Linux 8.0 / Linux 9.0 Install Issues

Discussion in 'Virtual PC' started by Scott Woodford, Apr 18, 2005.

  1. I have succesfully installed Linux 8.0. Everything is working fine, except
    during boot the floppy drive continually gets accessed even though there is
    nothing in the drive. The result is a wonderful grinding sound. The only
    way to get it to stop is to insert the Linux boot disk. Although, this is a
    problem because it boots to the disk and not to the installed OS. Any ideas?

    I also installed Linux 9.0, which is doing the same thing. But this install
    is even worse, because when the system finishes booting up, the display is
    set up improperly. The screen is black, and all I can see are a few random
    icons. Any idea how to fix this? I am running both 8 and 9 at 800x600,
    using the default S3 Trio adapter. Like I said, 8 looks fine, but 9 looks so
    bad that I can't use it.

    Any help on this would be greatly appreciated. :)
     
    Scott Woodford, Apr 18, 2005
    #1
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  2. Scott Woodford

    Steve Jain Guest

    Are you referring to Red Hat 8 and 9?

    Did you start the install with a boot disk or from cd?

    For better video, use generic VESA instead of the S3, it will also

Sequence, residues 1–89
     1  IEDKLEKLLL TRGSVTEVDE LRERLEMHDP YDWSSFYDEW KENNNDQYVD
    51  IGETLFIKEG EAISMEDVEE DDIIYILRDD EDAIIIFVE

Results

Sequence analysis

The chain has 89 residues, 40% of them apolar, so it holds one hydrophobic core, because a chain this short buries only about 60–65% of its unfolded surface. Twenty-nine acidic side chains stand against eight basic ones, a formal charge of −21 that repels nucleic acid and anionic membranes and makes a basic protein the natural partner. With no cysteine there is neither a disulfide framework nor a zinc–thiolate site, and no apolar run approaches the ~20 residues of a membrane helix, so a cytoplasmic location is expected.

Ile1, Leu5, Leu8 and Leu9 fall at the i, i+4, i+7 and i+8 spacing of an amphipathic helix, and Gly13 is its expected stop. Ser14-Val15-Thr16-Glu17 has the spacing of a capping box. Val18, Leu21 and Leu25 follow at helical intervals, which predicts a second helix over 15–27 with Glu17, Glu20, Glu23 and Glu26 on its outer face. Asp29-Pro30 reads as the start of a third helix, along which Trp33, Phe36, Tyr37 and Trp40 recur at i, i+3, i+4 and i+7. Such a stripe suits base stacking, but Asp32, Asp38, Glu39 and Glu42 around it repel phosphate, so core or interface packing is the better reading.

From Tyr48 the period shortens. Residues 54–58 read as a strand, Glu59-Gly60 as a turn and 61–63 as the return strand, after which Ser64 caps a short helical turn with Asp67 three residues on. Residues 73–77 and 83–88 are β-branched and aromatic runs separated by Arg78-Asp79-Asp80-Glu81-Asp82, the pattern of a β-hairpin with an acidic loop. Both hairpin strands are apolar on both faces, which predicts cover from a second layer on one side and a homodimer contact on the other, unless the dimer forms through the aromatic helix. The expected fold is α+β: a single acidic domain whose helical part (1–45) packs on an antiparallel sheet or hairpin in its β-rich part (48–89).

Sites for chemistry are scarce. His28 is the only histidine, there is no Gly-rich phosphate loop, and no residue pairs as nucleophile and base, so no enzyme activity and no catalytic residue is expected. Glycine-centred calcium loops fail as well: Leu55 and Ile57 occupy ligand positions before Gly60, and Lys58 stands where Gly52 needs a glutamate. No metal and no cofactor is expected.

allow you to use 8MB of VMRAM instead of 2 or 4MB that the S3 Linux
    driver limits you to.


    --
    Cheers,
    Steve Jain, Virtual Machine MVP
    Website: http://www.essjae.com
    "This posting is provided "AS IS" with
    no warranties, and confers no rights.
    You assume all risk for your use.
    I am not am employee of Microsoft."
     
    Steve Jain, Apr 19, 2005
    #2
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  3. I only have a solution for your first question (I'm not vary good at Linux).

    There is two ways to get rid of the grinding sound.

    1 (which I prefer)
    Go into the VM:s BIOS an disable Floppy boot (just like you would do to
    disable it on a real machine).

    2
    Go to the VM:s settings an disable Automatic floppy detection (this have
    the drawback you must explicitly capture the floppy when you want to use
    it in the VM.


    For your second issue: have you tried some generic VESA driver? (I don't
    know if it works, just giving a hint)

    /David
     
    David Carlsson, Apr 19, 2005
    #3
  4. Scott Woodford

    Steve Jain Guest

    Yes the generic VESA driver works and its the only way to break the
    memory limits imposed by the Linux S3 drivers.


    --
    Cheers,
    Steve Jain, Virtual Machine MVP
    Website: http://www.essjae.com
    "This posting is provided "AS IS" with
    no warranties, and confers no rights.
    You assume all risk for your use.
    I am not am employee of Microsoft."
     
    Steve Jain, Apr 20, 2005
    #4
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